Half a century after he disappeared into the Soviet prison system, the fate of Raoul Wallenberg–who saved thousands of Hungarian Jews during the Holocaust–remains a mystery. Following the collapse of the Soviet Union, KGB files were opened, but the Wallenberg file had been destroyed, thereby eliminating any evidence to support the Kremlin’s claim that Wallenberg died in prison in 1947. Bierman concludes that we may never know the truth.
Opening: Early in March 1944, Obersturmbannführer Adolf Eichmann was supervising the construction of a hostel for Gestapo officers on a site some fifty miles from Berlin.
In the first few pages alone there were statistics I have not seen laid down so consisely before. Somewhat dry stylistically but a very interesting read albeit grisly and harrowing at times as one expects from any literature detailing the final solution under Eichmann.
I especially liked the airing of the view that because of the guilt Swedes felt at allowing Nazi transit through their country, Wallenberg’s nine point plan was accepted. This is 1944 when it was clear to Sweden that Germany would not win the war.
I couln’t find a picture of Baroness Elizabeth Kemény-Fuchs, however there is a lovely footnote on page 95:
Baroness Kemény was evacuated with other government wives and families – and most of the diplomatic corps – on 29 November. Wallenberg went to see her off at the station, taking a bunch of flowers.
Dear Master Projectionist has found me a film: God Afton, Herr Wallenberg (1990). (starring Stellan Skarsgård – yum) It is based on the same film which inspired Wallenberg to lay down his nine point plan in the first place, and irony of ironies, written in this book as a footnote page 29: [Leslie] Howard, considered by his fans to be the quintessential Englishman, was by odd coincidence actually a Hungarian Jew, born Lászlo Stainer.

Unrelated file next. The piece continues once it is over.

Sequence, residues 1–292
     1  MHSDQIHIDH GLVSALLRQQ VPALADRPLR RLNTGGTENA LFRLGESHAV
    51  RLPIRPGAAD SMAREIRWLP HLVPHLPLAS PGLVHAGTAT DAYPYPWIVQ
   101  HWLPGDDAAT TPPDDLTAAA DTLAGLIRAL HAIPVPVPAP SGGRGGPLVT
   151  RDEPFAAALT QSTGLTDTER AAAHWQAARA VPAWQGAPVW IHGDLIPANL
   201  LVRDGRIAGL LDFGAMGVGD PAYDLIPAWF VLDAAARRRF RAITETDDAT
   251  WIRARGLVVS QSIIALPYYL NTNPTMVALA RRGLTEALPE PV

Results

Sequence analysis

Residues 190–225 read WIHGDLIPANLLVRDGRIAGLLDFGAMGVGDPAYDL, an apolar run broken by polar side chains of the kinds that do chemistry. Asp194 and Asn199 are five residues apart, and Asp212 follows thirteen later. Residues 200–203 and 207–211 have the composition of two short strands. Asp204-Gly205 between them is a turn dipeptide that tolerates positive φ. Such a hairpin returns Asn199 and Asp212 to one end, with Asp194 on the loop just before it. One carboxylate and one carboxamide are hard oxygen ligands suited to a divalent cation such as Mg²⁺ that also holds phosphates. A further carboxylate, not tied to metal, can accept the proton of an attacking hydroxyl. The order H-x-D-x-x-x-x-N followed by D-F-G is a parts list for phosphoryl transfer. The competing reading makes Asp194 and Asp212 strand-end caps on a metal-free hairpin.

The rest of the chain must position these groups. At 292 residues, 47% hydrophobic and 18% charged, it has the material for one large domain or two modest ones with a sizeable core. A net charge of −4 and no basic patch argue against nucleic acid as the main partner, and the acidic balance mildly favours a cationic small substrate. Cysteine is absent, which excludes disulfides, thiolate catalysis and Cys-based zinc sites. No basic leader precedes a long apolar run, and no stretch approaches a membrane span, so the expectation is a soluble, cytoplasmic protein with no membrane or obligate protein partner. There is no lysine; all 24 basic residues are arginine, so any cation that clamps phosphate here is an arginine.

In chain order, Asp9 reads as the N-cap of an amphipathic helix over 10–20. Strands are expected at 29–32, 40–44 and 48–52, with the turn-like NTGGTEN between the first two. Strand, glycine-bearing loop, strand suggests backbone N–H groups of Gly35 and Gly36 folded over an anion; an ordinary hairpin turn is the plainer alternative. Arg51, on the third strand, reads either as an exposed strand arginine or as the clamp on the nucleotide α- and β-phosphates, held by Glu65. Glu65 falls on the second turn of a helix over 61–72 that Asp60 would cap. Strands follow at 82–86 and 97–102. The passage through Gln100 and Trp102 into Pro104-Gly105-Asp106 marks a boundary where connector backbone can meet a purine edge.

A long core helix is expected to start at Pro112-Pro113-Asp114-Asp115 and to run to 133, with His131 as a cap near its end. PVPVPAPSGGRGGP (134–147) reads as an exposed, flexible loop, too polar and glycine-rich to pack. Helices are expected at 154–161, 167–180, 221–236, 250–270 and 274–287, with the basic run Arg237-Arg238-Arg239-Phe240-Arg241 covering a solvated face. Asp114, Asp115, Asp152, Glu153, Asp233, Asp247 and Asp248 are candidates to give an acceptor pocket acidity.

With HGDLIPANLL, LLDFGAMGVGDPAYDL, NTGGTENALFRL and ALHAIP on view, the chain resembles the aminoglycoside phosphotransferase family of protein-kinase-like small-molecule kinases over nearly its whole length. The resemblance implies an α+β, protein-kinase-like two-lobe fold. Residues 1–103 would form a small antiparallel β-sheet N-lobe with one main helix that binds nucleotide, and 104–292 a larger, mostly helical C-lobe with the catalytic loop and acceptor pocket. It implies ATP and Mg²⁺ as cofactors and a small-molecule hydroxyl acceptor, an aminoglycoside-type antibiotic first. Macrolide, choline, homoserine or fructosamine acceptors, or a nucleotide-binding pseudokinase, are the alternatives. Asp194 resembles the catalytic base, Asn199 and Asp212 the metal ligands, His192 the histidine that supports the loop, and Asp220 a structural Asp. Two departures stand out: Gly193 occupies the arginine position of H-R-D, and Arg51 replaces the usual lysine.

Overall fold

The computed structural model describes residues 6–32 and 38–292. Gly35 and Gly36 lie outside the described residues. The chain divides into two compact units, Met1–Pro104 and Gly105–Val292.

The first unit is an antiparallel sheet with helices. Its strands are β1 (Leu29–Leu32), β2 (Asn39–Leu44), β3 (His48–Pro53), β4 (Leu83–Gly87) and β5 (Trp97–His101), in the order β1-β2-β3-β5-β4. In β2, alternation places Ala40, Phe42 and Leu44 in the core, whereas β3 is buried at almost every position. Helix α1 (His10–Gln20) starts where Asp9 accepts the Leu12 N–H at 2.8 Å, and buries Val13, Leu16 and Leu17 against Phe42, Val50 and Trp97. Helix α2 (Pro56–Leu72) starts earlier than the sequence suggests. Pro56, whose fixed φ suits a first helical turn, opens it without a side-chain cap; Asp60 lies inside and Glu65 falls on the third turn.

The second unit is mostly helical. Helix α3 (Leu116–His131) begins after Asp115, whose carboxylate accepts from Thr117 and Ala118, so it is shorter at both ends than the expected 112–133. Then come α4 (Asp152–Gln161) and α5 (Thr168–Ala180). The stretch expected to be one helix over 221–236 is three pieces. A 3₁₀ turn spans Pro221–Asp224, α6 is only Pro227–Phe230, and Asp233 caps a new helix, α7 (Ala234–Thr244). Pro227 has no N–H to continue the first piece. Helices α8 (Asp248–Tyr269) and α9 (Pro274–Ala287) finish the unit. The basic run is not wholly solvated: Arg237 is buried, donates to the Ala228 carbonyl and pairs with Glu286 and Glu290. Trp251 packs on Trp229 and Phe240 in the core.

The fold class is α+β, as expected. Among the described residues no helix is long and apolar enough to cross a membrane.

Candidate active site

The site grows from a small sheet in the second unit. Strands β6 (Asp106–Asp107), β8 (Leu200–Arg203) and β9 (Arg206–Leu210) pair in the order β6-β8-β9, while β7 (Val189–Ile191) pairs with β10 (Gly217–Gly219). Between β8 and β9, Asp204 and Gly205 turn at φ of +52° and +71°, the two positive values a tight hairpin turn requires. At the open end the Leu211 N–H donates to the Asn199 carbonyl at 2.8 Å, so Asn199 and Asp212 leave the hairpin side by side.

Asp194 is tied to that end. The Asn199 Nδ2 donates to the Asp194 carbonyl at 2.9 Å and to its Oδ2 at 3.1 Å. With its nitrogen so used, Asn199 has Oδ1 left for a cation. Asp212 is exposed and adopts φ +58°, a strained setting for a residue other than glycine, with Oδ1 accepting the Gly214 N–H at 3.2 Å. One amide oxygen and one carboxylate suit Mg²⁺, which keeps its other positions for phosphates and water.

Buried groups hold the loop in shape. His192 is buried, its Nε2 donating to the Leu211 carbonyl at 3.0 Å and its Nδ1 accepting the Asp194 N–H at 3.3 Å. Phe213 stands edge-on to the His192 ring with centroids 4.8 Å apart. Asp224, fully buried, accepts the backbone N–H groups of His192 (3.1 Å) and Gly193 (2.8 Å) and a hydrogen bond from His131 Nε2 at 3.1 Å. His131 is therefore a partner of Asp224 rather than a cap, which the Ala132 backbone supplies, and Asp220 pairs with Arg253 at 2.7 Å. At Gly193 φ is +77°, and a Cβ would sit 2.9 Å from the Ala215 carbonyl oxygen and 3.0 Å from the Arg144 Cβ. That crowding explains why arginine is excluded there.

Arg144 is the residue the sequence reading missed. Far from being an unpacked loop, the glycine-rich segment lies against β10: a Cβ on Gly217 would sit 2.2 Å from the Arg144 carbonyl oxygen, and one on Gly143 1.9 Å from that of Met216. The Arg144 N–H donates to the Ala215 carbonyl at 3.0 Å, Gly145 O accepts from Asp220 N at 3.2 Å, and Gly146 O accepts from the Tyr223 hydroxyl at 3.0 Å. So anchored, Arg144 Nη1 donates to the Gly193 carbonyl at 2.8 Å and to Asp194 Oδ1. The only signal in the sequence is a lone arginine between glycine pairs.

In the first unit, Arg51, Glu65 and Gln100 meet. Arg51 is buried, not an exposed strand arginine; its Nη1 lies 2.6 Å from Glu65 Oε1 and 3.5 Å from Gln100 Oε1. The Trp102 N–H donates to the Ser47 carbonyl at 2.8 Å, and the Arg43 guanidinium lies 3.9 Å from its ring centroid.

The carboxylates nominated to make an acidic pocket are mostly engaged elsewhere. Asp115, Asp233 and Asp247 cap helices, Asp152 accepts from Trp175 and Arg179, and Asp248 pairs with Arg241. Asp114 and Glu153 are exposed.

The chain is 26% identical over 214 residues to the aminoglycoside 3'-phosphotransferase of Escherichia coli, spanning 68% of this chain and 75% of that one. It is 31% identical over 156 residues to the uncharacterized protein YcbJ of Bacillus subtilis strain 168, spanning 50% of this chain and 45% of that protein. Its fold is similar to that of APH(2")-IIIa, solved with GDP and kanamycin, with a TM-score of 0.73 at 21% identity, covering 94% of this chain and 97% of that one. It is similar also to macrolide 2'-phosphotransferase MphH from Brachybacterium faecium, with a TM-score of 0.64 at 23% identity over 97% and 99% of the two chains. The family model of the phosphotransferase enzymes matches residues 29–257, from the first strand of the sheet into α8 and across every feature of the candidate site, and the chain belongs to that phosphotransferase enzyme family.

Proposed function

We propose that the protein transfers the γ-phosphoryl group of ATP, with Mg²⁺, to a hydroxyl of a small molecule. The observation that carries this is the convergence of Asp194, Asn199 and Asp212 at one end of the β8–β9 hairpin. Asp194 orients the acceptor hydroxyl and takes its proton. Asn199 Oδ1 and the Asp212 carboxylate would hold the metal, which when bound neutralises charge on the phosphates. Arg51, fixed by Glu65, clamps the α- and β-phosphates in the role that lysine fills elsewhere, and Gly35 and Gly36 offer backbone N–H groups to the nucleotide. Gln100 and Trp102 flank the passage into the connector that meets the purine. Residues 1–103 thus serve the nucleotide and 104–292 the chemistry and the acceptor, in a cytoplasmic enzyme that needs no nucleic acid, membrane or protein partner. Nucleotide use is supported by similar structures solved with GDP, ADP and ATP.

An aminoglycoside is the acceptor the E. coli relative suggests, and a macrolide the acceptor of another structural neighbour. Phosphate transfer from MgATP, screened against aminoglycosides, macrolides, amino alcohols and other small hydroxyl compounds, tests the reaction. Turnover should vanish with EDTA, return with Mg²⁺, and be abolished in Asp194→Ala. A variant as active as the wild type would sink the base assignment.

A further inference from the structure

Deportation of the jewish residents of Koszceq, a hungary village (1944)
Hungarian Arrow Cross militia and a German Tiger II tank in Budapest, October 1944.
A group of Hungarian Jews rescued from deportation by Swedish diplomat Raoul Wallenberg. Budapest, Hungary, November 1944.
When Raoul Wallenberg arrived in Budapest in July 1944 as secretary to the Swedish Legation, he had no prior background in diplomacy.
2nd January 2012 – The Swedish government has announced that it will designate 2012 as the official “Raoul Wallenberg Year” and the honour is more than deserved.
17th January 2012 – The Soviet secret police and its Russian successor actively blocked a probe into the fate of Swedish Holocaust hero Raoul Wallenberg and Sweden was informed, researchers say, citing a recently unearthed document.